All of the following come from David N. Bell, Many Mansions: An Introduction to the Development and Diversity of Medieval Theology (Kalamazoo, MI: Cistercian Publications, 1996). This is a splendid book–a sort of sequel to Bell’s Cloud of Witnesses, on early Christian thought.
Many thanks to my t.a., Shane Moe, for transcribing these. In each case, the page number of the quotation appears at the beginning of the line. The quirk of lowercasing adjectival forms of proper nouns is Bell’s or his editors–not mine:
[For more “glimpses,” from Jaroslav Pelikan, see here.]
(20): [re: Major developments in European intellectual history from 6th century onwards] There are five mile-stones to mark our way: (i) the pontificate of Gregory the Great from 590 to 604; (ii) the Carolingian Renaissance of the late eighth and ninth centuries; (iii) the papal reform movements of the eleventh century; (iv) the renaissance of the twelfth century; and (v) the rise of scholasticism and the universities in the thirteenth century.
(77): “Once the universities became established, franciscan professors were the rule rather than the exception. Francis himself would never have approved, but Francis was dead.”
Use (79): [The preaching Orders such as the Franciscans and Dominicans] manifested a devotion to the dispossessed that was often lacking in the members of the other Orders.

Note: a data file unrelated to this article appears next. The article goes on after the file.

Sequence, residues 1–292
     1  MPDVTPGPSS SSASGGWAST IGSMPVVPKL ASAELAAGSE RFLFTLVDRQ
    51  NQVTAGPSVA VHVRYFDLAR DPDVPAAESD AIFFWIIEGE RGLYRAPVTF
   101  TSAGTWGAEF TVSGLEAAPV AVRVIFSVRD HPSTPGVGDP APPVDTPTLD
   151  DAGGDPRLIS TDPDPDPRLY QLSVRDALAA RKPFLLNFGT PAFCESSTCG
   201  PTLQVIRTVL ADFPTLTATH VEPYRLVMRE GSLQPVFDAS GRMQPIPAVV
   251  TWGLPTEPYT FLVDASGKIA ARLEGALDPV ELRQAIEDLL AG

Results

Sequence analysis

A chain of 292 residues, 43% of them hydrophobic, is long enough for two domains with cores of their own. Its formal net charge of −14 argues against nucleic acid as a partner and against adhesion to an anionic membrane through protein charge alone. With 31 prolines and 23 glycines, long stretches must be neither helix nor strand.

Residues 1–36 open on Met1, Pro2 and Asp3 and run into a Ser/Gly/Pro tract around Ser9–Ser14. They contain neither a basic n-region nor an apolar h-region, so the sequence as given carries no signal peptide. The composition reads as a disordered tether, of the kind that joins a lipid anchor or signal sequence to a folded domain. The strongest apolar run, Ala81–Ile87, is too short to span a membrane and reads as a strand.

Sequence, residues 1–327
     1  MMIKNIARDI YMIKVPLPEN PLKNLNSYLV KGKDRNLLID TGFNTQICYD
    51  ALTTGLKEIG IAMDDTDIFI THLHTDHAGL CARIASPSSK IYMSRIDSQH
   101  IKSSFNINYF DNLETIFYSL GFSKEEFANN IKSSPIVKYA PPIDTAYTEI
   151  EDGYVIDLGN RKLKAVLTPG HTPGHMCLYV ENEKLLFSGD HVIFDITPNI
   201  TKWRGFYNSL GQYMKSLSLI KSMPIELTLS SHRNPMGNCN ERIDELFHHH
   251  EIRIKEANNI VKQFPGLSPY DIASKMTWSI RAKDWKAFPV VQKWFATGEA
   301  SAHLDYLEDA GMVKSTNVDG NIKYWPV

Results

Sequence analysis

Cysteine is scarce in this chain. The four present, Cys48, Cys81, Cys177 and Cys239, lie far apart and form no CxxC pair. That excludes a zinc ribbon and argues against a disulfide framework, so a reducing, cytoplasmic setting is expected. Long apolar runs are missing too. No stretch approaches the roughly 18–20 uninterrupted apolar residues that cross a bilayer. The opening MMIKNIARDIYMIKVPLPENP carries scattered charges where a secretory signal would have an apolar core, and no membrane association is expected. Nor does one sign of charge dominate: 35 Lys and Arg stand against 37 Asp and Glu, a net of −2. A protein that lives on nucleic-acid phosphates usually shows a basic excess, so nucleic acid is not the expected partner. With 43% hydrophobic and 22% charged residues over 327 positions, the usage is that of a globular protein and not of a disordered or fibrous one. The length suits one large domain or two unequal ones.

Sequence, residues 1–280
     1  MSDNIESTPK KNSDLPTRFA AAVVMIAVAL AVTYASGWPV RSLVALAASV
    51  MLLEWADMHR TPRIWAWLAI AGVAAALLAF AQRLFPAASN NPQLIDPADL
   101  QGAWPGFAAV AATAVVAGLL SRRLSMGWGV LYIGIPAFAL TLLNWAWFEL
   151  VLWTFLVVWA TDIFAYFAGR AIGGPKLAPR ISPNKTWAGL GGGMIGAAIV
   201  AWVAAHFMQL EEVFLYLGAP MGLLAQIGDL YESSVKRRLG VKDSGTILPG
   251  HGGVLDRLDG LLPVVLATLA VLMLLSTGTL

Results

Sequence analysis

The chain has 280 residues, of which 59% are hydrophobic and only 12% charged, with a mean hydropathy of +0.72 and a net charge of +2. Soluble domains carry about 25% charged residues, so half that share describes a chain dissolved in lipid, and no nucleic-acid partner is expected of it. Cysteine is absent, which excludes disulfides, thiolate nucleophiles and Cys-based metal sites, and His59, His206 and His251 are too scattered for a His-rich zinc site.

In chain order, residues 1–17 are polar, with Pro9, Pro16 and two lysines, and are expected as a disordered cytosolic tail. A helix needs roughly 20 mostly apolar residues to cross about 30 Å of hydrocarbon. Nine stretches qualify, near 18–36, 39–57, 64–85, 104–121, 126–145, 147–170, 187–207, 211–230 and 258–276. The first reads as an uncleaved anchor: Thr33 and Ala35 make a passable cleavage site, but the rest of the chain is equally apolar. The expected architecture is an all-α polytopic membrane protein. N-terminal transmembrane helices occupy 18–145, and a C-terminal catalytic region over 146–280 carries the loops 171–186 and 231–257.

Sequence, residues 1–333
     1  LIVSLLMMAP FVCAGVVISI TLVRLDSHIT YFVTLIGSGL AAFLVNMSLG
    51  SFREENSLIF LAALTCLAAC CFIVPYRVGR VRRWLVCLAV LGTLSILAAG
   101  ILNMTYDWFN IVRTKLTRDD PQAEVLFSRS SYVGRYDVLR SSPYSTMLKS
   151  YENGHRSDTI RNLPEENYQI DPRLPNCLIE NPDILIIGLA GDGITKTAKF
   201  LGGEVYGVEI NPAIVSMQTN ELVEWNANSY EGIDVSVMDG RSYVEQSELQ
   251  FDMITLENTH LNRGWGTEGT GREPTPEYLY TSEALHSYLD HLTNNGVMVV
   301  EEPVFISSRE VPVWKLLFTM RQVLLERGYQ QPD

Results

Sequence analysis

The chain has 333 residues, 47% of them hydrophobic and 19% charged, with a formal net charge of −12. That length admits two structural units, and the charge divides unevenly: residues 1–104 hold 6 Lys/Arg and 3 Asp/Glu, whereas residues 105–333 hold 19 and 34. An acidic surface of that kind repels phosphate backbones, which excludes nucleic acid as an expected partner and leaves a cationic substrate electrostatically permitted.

(89): she [Heloise] gave birth to a son to whom Abelard gave the extraordinary name of Astrolabe.
(90): Abelard is a strange and inconsistent character, impossible, I think, to assess. He was devout, arrogant, chaste, passionate, intolerant, kind, a superb logician, and wonderful with words. He loved to criticize, abut hated criticism. His students adored him, but students tend to love flashy and iconoclastic lecturers. Much of his trouble he brought upon himself, and although he may have been guiltless of the heretical views of which he was accused, one cannot blame his opponents for accusing him. His language and terminology were sometimes dangerous, sometimes foolhardy, and if he was misunderstood, he was misunderstood with good reason.
(94): [discussing Abelard and the scholastic perspective] Human reason, the greatest of God’s gifts to humankind, was given to us to be used, and to refuse to use it is blasphemous.
(102): Aristotle, however [despite the favorable views of philosophy among Christian thinkers in the medieval period], was not always regarded in particularly favorable light. The main philosophical foundations of the early church had been platonic, not Aristotelian, and in general the early Christian fathers regarded Plato and Aristotle as diametrically opposed. Plato was seen as the idealist, seeking the source and meaning of all things in God; Aristotle was seen as the materialist, the proto-scientist, looking for meaning in things themselves. Plato, they thought, always looked upwards; Aristotle always looked outwards; For Aristotle sense-experience was everything, and all could be explained in rational and materialistic terms. Furthermore, as we noted in Chapter 1, Aristotle’s investigations in the various sciences had, in a sense, diminished the role of the Creator, for things which hitherto had been believed to be of divine origin were now thought to occur in accordance with natural laws. All in all, then, Aristotle was a temptation and a danger. He offered more to human reason than it had ever been offered before, but in so doing he tempted reason beyond its proper limits.